Children and teenagers are five times more likely to get brain cancer if they use mobile phones, startling new research indicates, reports The Independent.
The study raises fears that today’s young people may suffer an “epidemic” of the disease in later life. At least nine out of 10 British 16-year-olds have their own handset, as do more than 40 per cent of primary schoolchildren.
The European Parliament has recently urged ministers across Europe to bring in stricter limits for exposure to radiation from mobile and cordless phones, Wi-fi and other devices.
Children are more at risk because their brains and nervous systems are still developing and because – since their heads are smaller and their skulls are thinner – the radiation penetrates deeper into their brains.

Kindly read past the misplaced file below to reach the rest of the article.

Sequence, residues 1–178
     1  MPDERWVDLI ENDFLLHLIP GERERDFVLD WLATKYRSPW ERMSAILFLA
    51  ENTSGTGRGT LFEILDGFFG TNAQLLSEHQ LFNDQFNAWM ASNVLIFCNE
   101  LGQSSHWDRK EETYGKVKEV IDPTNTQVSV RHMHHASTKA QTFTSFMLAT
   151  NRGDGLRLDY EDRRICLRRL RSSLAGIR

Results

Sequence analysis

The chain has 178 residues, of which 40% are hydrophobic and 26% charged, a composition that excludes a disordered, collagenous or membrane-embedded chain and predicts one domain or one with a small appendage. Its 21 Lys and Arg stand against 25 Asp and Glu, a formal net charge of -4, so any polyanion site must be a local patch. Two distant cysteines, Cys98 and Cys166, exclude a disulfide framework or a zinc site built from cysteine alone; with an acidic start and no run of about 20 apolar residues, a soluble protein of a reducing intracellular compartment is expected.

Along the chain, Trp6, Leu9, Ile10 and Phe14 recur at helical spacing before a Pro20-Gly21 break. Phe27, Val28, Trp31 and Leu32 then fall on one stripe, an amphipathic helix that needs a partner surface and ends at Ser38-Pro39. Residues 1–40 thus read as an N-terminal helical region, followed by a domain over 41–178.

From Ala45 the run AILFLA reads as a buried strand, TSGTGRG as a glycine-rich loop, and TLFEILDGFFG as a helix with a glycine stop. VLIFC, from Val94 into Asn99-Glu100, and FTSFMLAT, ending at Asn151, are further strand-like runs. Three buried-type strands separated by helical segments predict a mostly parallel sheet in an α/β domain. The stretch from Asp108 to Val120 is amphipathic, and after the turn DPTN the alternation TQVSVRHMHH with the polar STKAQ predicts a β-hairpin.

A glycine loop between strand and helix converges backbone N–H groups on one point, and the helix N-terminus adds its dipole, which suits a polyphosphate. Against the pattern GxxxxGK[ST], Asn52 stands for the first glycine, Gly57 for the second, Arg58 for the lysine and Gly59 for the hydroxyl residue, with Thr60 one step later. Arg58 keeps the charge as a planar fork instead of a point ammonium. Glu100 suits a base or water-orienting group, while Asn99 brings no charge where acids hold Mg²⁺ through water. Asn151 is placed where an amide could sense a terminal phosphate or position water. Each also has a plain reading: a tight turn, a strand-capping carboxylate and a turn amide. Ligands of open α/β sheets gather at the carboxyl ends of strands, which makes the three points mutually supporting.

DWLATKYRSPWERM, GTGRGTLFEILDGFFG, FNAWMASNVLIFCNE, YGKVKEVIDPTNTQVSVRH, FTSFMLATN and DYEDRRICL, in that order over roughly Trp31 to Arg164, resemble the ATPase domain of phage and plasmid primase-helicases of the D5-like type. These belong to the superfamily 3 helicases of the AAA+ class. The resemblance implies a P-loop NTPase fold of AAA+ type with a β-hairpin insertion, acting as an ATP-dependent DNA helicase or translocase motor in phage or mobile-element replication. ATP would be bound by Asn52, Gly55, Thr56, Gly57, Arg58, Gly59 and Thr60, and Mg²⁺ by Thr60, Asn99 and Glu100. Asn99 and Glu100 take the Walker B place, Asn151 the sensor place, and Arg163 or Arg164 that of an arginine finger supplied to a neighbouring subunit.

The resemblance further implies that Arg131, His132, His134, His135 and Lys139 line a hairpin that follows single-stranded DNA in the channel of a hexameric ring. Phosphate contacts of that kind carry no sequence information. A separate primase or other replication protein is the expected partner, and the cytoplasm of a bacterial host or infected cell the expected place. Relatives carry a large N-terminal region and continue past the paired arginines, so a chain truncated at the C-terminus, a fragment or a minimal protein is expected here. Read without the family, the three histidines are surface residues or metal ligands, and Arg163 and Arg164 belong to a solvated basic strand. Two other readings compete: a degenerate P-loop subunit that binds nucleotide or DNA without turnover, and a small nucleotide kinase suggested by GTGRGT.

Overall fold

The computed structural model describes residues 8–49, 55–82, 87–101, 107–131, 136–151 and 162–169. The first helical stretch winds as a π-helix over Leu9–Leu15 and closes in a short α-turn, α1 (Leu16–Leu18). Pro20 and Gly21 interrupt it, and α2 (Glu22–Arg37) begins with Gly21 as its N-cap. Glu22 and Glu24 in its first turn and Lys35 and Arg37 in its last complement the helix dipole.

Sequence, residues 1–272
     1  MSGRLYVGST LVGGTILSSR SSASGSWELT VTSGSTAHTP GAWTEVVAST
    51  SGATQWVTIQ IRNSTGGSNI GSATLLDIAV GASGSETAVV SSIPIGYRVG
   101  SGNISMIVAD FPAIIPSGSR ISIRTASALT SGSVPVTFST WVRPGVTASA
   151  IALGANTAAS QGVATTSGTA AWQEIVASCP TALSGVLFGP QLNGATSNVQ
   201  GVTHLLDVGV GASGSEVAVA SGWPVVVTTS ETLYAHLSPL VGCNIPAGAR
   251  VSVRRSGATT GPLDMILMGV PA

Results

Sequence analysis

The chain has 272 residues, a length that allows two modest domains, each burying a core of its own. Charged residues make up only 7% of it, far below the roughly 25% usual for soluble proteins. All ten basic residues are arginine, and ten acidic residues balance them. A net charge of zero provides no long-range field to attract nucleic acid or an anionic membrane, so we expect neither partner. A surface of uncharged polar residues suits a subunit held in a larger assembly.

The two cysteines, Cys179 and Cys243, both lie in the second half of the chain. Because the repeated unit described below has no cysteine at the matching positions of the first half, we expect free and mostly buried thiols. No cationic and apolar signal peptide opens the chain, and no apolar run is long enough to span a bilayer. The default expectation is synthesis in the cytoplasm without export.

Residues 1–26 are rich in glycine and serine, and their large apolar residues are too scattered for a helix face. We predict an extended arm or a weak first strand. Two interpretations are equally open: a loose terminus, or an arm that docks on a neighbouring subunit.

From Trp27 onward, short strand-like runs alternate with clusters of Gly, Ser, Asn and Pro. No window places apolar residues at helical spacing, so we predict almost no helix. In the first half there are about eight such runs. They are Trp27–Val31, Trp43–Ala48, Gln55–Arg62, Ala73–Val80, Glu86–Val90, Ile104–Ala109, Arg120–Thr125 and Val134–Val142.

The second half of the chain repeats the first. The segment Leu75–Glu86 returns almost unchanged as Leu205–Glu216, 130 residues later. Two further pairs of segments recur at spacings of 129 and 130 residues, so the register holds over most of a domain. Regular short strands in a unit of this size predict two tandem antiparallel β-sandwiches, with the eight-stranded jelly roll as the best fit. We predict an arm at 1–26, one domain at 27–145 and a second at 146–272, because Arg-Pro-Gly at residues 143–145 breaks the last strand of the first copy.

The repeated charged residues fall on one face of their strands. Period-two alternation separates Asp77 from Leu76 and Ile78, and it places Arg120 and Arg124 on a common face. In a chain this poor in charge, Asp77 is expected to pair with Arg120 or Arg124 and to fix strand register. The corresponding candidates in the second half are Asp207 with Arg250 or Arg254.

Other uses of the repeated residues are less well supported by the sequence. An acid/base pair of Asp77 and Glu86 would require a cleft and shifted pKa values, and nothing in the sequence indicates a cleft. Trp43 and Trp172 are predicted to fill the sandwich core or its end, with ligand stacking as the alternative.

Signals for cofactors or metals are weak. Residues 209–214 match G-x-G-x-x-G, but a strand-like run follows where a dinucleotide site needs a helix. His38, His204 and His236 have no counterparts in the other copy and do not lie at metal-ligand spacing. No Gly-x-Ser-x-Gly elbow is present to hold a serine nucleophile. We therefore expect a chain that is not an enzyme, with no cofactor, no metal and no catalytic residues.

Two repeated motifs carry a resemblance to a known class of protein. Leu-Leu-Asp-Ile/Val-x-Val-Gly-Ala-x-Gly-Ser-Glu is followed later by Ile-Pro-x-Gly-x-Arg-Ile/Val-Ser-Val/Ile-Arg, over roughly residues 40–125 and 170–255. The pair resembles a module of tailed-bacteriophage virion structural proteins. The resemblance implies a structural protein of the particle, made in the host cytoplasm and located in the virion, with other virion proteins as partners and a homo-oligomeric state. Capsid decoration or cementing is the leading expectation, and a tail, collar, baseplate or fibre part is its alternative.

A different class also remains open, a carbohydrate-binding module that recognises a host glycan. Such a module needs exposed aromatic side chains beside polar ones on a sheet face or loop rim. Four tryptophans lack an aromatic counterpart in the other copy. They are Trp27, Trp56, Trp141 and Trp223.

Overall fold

It sprung from a further analysis of data from one of the biggest studies carried out into the risk that the radiation causes cancer, headed by Professor Lennart Hardell of the University Hospital in Orebro, Sweden.
People who started mobile phone use before the age of 20 had more than five-fold increase in glioma, a cancer of the glial cells that support the central nervous system. The extra risk to young people of contracting the disease from using the cordless phone found in many homes was almost as great, at more than four times higher.
Those who started using mobiles young were also five times more likely to get acoustic neuromas, benign but often disabling tumours of the auditory nerve, which usually cause deafness. By contrast, people who were in their twenties before using handsets were only 50 per cent more likely to contract gliomas and just twice as likely to get acoustic neuromas. The research has shown that adults who have used the handsets for more than 10 years are much more likely to get gliomas and acoustic neuromas.